When America Online really got going in the early '90's I was there, and it wasn't long before I was moderating chat rooms and running two groups for AOL. As the '90's wore on I moved from AOL to a regular Internet service provider (ISP) and soon found myself subscribed to more than a dozen discussion groups as well as moderating a few of my own. It was exhilarating in many ways, but also the source of a great deal of anxiety in my life because there were always problems, arguments, hurt feelings and the like, and often on multiple fronts at once. By the turn of the century I was probably spending 8-10 hours a day on the 'net. Not just browsing, not just connected while I was doing something else, but actually absorbed in email discussions and chat rooms and IMs. And often more than one at once.

I didn't really understand how I had become consumed - addicted, really - by this little glowing box in the corner of my bedroom (I was using an iMac at the time, which was an all-in-one glowing box - mine was orange). But consumed I was and like any addict it was difficult to give up - until I had to give it up cold turkey.

In September of 2003 Baltimore and many areas of the east coast were hit by Hurricane Isabel. It was devastating for many. For us, some siding and gutters ripped off the house, an enormous amount of leaves and twigs and branches strewn about the yard, but no serious damage. We did, however, lose our electricty - for five days.

Five long days. No TV, no radio, and no Internet. During those five days I spent a lot of time sitting on my back porch, marveling at the quiet. Now I live right on the city line, and it's never completely quiet (except, perhaps, when we get the occasional heavy snow). But it was for a short time in September of 2003. And being there in the quiet really gave me a lot of time to think, and a lot of time to assess who I was and how I was letting the Internet control my life.

When the power returned after five days I immediately unsubscribed from every discussion group I had been a part of, and even removed the IM software from the computer. It was amazing what a relief it was! And suddenly I came to appreciate a lot of things that I had been neglecting in my life.

There on the back porch in September of 2003 I reached my Terabithia. And what I discovered was I could go back to Terabithia any time, and anywhere. Sometimes it's through music. Sometimes it's through prayer. Sometimes it's through meditation. Terabithia awaits.


A few years ago someone said something to me about trying to get to Terabithia, and me, not wanting to appear to be completely out of the loop didn't mention that I had no idea what they were talking about. It was one of those moments where you just kind of nod and say something like "Yeah, I know just what you mean" and then move on hoping they don't expect you to elaborate.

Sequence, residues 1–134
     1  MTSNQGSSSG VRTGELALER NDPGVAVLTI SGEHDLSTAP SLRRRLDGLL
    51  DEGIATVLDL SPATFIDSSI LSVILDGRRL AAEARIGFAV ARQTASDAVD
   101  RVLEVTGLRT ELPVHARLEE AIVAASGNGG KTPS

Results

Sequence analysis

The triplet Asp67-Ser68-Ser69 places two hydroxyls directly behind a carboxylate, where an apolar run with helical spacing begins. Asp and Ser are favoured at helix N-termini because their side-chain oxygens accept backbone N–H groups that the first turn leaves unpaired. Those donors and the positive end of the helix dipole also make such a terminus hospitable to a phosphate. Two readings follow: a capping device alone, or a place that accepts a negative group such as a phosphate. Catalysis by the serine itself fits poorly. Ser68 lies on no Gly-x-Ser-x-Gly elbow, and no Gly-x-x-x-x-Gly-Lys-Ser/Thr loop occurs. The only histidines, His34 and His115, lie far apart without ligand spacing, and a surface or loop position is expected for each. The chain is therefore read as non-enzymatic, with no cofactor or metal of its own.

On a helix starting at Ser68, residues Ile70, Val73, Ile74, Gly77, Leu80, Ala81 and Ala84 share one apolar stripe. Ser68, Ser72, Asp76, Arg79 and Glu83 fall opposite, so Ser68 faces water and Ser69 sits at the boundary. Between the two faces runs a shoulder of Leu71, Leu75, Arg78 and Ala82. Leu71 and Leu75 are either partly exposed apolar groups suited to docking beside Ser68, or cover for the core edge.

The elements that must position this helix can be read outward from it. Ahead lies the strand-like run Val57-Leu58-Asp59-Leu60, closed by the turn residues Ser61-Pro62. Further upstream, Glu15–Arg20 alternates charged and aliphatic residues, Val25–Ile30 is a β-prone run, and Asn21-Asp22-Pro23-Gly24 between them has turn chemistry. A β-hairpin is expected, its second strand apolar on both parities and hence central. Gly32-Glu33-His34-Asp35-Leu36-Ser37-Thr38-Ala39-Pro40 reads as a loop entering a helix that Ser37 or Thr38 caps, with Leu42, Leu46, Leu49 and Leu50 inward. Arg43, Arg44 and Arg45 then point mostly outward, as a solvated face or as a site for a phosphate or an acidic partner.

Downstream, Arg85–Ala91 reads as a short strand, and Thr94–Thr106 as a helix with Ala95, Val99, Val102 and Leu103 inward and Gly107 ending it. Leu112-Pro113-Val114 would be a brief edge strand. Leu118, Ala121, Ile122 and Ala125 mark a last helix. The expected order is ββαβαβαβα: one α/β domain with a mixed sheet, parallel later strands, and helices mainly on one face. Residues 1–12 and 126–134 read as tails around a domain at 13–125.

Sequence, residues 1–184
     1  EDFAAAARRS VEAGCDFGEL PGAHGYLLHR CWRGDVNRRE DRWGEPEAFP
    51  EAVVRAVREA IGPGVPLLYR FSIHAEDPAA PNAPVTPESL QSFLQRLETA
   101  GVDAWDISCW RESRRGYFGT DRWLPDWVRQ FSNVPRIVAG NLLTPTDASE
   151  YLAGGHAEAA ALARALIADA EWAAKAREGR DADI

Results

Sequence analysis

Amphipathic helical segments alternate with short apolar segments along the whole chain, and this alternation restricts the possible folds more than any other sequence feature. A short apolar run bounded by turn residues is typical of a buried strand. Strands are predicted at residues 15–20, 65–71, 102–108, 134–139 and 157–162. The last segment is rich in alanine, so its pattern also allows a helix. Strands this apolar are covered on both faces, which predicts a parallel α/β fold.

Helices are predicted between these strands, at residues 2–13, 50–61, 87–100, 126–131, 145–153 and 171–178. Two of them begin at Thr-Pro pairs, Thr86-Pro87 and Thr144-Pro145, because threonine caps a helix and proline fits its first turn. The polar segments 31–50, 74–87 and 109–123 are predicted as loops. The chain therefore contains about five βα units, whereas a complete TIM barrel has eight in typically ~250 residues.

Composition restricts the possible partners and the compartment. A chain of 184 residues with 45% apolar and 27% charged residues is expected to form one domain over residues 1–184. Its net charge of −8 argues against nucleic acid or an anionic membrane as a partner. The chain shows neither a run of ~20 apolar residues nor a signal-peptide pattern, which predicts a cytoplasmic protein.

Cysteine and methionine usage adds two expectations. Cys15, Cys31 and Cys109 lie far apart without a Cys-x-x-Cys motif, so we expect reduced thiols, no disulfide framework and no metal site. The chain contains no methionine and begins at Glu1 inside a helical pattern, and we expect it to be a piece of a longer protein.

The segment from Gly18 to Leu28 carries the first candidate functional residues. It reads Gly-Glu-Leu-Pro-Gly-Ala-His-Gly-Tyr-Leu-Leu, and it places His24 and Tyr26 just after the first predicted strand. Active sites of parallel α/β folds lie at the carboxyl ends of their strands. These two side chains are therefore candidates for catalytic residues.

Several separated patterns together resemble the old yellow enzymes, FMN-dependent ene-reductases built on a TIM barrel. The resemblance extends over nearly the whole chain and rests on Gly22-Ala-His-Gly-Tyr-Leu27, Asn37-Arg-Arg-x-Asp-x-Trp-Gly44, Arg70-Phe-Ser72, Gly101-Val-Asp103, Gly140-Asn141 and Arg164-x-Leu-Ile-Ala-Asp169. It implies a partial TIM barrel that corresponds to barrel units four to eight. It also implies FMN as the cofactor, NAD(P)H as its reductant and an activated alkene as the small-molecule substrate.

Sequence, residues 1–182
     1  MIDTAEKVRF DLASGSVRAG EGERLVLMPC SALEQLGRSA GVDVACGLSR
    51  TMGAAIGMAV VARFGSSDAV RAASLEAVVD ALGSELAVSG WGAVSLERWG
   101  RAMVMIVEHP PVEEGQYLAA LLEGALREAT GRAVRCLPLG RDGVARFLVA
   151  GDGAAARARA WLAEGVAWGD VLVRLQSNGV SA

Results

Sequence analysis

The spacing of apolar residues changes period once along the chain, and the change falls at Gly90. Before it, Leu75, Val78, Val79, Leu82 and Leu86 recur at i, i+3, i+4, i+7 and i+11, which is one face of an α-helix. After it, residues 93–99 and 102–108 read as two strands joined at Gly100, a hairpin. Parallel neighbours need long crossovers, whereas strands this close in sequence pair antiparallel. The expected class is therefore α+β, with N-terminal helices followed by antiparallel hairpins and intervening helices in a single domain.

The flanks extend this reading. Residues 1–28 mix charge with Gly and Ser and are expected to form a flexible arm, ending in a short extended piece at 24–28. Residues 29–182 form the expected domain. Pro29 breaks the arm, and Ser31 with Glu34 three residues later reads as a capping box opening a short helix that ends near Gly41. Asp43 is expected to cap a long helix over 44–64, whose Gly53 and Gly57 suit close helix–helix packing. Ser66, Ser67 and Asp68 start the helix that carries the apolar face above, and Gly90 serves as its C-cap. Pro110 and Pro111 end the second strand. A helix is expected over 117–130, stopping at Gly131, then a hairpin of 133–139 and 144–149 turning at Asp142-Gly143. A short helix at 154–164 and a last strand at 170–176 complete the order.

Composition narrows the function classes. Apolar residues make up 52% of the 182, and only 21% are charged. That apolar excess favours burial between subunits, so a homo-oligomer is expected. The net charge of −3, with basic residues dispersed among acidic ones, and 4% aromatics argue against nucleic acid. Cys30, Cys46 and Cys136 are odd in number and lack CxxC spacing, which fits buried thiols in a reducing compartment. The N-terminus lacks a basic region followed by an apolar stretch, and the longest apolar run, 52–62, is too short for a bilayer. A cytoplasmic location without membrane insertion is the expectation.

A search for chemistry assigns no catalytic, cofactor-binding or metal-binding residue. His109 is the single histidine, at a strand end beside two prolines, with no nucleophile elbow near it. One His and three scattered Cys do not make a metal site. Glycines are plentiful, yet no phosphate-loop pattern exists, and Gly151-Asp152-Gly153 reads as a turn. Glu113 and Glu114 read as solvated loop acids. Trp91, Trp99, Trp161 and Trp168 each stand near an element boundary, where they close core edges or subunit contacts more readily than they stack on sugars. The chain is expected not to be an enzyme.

Of course, as soon as I got home I hopped on the Internet and found there was a children's book titled "The Bridge to Terabithia" by Katherine Patterson. Not familiar with it I asked my daughter - who at that point in her life was probably consuming two or three books a day - if she was familiar with it. "Oh, yeah, I read that years ago - it was pretty good" she said. "Do you have a copy?" "No." So, I sort of shoved it into the back of the drawer of my mind for the time being.

Not long after I was working with a church that was reorganizing their library and was packing up a number of books to give away to make room for new materials. As I was packing, my hands came across a copy of "The Bridge to Terabithia." I expressed that I had been wanting to read it and was told to please feel free to take it home.

Suffice to say I went home, started the book and could not put it down. It touched me in a really profound way. And through the book, I came to think of "Terabithia" as a place we can retreat to, a place where we can get away from the world, and where we can feel safe.

This community is my own little Terabithia on the Internet. I plan on visiting here often, and hope others do, too. And if you have a book that's touched you in such a way, please let me know.



Welcome to my little blog on the Internet - a place to come apart, rest awhile (Mark 6:31) and enjoy conversation, sharing, spirituality and more. This is the new location of a blog I had previously published at LiveJournal. Many of the posts are reflections I have given at communion services at St. William of York Church, the parish where I work.

I want this to be a place that is non-confrontational, a place where people can share what's in their hearts, look for help, and feel safe. I love exploring the things that touch us spiritually. Not just scripture, and liturgy, which are wonderful. But also books and movies and television and music and the Internet and all the things we encounter every day.

I am a youth minister by vocation, but spent nearly 25 years working in the film and television industry. I am a convert to Catholicism, grew up in a home that promoted Protestant fundamentalist values (not necessarily a bad thing) and currently work very closely with pastoral leaders of many faith practices through an ecumenical clergy collegium. My brother is a Baptist minister, and my father often preaches and helps lead services in the Methodist church I grew up in. I have a rich faith tradition in my life and many experiences across the board in areas of spirituality, conflict resolution, ecumenism, social justice, and crisis intervention (among others). I am always willing to share, and always feel I have much to learn from others.

So again, welcome. Put up your feet, relax, and I hope you find something here that speaks to you...

Monday, December 8, 2008

Why "Touch the Flame?"

The title comes ostensibly from the U2 song "Where the Streets Have No Name"...

I want to run
I want to hide
I want to tear down the walls
That hold me inside
I want to reach out
And touch the flame
Where the streets have no name

But the idea of "touching the flame" - reaching out, taking chances, embracing inspiration, giving in to temptation - has always intrigued me. I remember as a young child visiting my grandmother and being fascinated by a burning candle on the table. "Don't touch it" she cautioned. "It'll hurt." But of course, when her attention was away I slowly moved my finger closer and closer to the flame, until I touched it and was burned. Despite that early lesson in fascination and trust and danger and pain I still desire to touch the flame.